The Martini Cocktail
Robert Simonson grew up on martinis. That is, his dad drank them on the rocks using the cheapest gin he could find. With this rather shabby start in a life dedicated to the martini, Simonson has come a long way, sending back specimens that are poorly made and diving headfirst into the history, lore and variations that make the martini the most celebrated of American cocktails. According to the author, its many colorful origin stories are lies, including one involving John D. Rockefeller and another ascribed to the town of Martinez, California. Of special note is that the martini is the only cocktail that is ordered by aficionados like a steak—the martini is “dry” and the steak is “rare.” Ian Fleming did his bit (shaken, not stirred), but Simonson notes that in 2013, a group of U.K. physicians reviewed Bond’s alcohol consumption and determined that he would have died at age 56, exactly the age Fleming expired. The recipes are lovely, including the Harry’s Bar Martini, made with a 15-to-1 ratio, and the Sakura Martini, made with sake and a cherry blossom floater. One comes to realize that just about everything has been added to the martini over time, from caper berries to shiso leaves. Even the simplest cocktail isn’t simple.
Aarón Sánchez started life in El Paso, Texas. But all of that changed when his mother, Zarela Martinez, herself a well-known restaurateur, packed him and his brother into a van and drove to New York City. His early teenage years were rebellious. At 16, he ended up in New Orleans working for Paul Prudhomme, who helped him sort his priorities—the iron rule was that restaurant work always came before girls. He eventually returned to New York, first working at Patria before helming Paladar and Centrico. He then opened Johnny Sánchez in Baltimore, followed by a New Orleans location in 2014. He and his mother had the unpleasant distinction of being reviewed side by side by Frank Bruni in the New York Times: Sánchez’s restaurant was praised, while Martinez’s was panned. But Sánchez is not just a chef—he’s a philosopher. He believes that grief is eternal, his favorite holiday is Día de los Muertos since he likes to talk to the dead, and he views happiness not as recreational but as a survival strategy. These days, Sánchez has taken on the role of mentor to Latino chefs and truly gives back to a profession that transformed him from rebellious teenager to acclaimed chef. His now-happy life has come full circle.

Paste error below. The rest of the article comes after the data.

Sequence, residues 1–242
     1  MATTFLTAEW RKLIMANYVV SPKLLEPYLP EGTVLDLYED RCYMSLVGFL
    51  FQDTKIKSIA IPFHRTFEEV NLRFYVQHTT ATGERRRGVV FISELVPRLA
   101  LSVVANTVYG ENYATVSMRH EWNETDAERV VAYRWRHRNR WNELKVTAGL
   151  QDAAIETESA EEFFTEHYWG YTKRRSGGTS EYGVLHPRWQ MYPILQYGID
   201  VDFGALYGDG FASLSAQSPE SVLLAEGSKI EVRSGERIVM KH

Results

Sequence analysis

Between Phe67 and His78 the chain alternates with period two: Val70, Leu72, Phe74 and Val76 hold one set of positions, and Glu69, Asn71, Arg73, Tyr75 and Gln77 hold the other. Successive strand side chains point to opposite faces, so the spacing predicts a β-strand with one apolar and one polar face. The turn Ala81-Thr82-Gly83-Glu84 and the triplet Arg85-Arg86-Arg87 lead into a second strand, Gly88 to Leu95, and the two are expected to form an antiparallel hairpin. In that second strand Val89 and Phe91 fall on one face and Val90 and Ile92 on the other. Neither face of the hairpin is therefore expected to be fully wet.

Where I Come From: Life Lessons from a Latino Chef
The Food of Sichuan
This is an updated version of “Land of Plenty,” Fuchsia Dunlop’s 2001 masterwork. Dunlop reminds me a bit of Julia Child—she studied Sichuan cooking at the Sichuan Higher Institute of Cuisine (the first Westerner to do so) and takes a serious, scholarly approach to her work. Here, you’ll find nothing “fluffy,” as Child liked to refer to those who do not take cooking seriously. The book was a first step in opening Dunlop’s mind and palate to a completely new world of tastes and textures. The essence of Sichuan cooking, according to Dunlop, is to present the mouth with as many audacious combinations of flavors and textures as possible, the extreme opposite of French cooking. She talks about 23 different flavor combinations—almost a musical scale—made from a panoply of flavor types (fresh, gingery, boozy, etc.). Sichuan cooks also claim to employ over 50 different cooking methods, dwarfing the Western repertoire. Today, Dunlop has left her English roots behind to the point that, like any good Chinese cook, she loves the chew and mouthfeel of the gristly, slippery bits. As she describes these singular textures, she smiles, yearning for the tastes and textures of her beloved Chengdu. Perhaps this book should have been named “Mastering the Art of Sichuan Cooking.”